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The Securities and Futures Commission has created a new regulated activity to bring credit rating agencies under its licensing and registration framework. Under the revised regulatory regime, credit rating agencies will be subject to capital requirements as well as conduct of business and competency requirements. In this article, we examine the changes to the law.
On February 18, 2011, the Securities and Futures Commission issued the Securities and Futures Ordinance (Amendment of Schedule 5) Notice 2011 and the Securities and Futures (Financial Resources) Amendment Notice 2011 (together “Notices”). The Notices will come into effect on June 1, 2011 and will introduce a new regulated activity under the Securities and Futures Ordinance, namely Type 10 (providing credit rating services).
As a result of the financial crisis in 2008, international consensus has emerged that credit rating agencies should be regulated because of the influence ratings produced by such agencies have on public investment sentiment. The introduction of the new Type 10 regulated activity is intended to ensure that Hong Kong adheres to international standards, to enhance investor protection and to enable credit ratings prepared by Hong Kong based credit rating agencies to be serviceable in other jurisdictions.
As a result of the Notices, both credit rating agency firms and their staff may be subject to SFC licensing or registration and compliance requirements for the provision of credit rating services.
Any person who carries on a business (or holds oneself out as carrying on a business) of providing credit rating services should be licensed by or registered with the SFC. For ease of reference, we refer to a firm required to be, or has been, licensed or registered for Type 10 regulated activity as “CRA”.
Further, any individual who performs, or holds himself out as performing, any regulated function in relation to the regulated activity of providing credit rating services carried on as a business should be licensed by the SFC or registered by the Hong Kong Monetary Authority ("HKMA") as a relevant individual engaged by a registered institution in respect of the regulated activity.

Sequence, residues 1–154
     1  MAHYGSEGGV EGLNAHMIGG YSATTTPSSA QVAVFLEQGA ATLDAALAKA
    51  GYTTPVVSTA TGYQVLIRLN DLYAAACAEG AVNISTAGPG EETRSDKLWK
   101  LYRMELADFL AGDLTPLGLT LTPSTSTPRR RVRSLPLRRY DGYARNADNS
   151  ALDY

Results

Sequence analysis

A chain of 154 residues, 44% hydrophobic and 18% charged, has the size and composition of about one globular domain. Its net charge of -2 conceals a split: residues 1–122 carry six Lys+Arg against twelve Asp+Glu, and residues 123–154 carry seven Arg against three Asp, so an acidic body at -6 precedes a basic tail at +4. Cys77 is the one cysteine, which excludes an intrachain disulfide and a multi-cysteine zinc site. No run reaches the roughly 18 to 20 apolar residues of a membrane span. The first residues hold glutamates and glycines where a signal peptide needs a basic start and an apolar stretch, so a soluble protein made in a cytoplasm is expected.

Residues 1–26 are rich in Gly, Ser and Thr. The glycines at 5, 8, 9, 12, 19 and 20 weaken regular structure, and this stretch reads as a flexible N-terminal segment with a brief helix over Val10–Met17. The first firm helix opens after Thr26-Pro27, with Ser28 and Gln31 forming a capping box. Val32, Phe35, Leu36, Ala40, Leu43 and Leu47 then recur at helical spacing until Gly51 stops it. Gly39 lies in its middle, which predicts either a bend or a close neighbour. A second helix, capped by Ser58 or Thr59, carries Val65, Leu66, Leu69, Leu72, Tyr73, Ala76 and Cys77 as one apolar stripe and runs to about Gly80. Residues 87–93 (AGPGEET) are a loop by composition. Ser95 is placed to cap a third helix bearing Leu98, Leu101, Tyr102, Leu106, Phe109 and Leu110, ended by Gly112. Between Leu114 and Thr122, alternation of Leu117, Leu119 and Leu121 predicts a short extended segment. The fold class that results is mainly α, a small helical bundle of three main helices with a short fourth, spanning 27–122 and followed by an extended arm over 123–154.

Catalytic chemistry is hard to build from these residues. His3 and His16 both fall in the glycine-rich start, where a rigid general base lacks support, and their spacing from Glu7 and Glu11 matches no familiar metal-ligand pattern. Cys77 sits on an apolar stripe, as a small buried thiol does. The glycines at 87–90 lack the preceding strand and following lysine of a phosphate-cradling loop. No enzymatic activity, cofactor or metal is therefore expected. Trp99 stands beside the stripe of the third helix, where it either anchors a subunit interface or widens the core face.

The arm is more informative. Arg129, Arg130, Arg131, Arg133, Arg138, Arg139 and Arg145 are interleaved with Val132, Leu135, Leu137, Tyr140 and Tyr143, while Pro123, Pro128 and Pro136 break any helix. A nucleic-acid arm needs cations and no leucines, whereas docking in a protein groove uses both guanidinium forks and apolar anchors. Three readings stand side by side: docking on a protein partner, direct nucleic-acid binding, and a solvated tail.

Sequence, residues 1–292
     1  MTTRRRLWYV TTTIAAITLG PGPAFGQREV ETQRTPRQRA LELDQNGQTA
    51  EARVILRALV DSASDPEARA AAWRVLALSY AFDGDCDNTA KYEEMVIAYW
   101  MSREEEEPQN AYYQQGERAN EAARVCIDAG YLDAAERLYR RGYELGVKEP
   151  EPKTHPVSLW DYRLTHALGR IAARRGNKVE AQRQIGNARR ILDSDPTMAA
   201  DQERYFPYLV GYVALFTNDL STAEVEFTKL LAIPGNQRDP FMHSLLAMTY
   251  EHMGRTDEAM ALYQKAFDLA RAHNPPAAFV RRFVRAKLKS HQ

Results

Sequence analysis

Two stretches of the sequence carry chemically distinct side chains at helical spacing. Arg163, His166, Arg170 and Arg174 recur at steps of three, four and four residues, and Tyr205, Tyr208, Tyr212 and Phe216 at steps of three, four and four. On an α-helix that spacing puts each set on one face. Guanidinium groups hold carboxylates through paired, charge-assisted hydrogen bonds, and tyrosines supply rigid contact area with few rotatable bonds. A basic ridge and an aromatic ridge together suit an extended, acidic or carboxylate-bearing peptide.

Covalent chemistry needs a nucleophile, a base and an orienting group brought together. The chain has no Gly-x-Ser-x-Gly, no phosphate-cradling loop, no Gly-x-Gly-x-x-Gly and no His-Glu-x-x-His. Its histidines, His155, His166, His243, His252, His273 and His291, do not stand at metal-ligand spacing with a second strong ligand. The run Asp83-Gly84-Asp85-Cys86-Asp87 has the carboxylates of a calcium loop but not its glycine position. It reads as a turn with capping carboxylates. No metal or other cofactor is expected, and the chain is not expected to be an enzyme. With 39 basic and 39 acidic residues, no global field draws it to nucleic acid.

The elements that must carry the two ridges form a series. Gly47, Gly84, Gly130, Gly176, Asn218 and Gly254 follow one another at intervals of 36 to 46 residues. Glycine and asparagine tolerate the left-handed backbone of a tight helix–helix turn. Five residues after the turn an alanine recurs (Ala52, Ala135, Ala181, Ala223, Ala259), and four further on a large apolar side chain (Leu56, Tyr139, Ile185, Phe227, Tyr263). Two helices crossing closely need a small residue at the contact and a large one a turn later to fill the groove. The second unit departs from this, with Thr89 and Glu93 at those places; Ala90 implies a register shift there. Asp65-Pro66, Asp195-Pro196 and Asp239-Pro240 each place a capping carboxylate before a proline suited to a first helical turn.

The regulated activity of “providing credit rating services” is defined as preparing credit ratings for dissemination to the public, or for distribution by subscription, whether in Hong Kong or elsewhere.
For this purpose, “credit ratings” are opinions, expressed using a defined ranking system, primarily regarding creditworthiness of (a) a person other than an individual, (b) debt securities, (c) preferred securities, or (d) an agreement to provide credit.
“Debt securities” means debenture stocks, loan stocks, debentures, bonds, notes, indexed bonds, convertible debt securities, bonds with warrants, non-interest bearing debt securities and other securities or instruments acknowledging, evidencing or creating indebtedness.
“Preferred securities” means preference shares, preferred shares or preferred stock.
Actual dissemination or distribution is not required. The preparation of credit ratings is sufficient to trigger licensing or registration requirements if it is reasonably expected that credit ratings so prepared will be disseminated or distributed by subscription.
However, any dissemination or distribution (or reasonable expectation of dissemination or distribution) must be to the public, whether in Hong Kong or elsewhere, to constitute Type 10 regulated activity.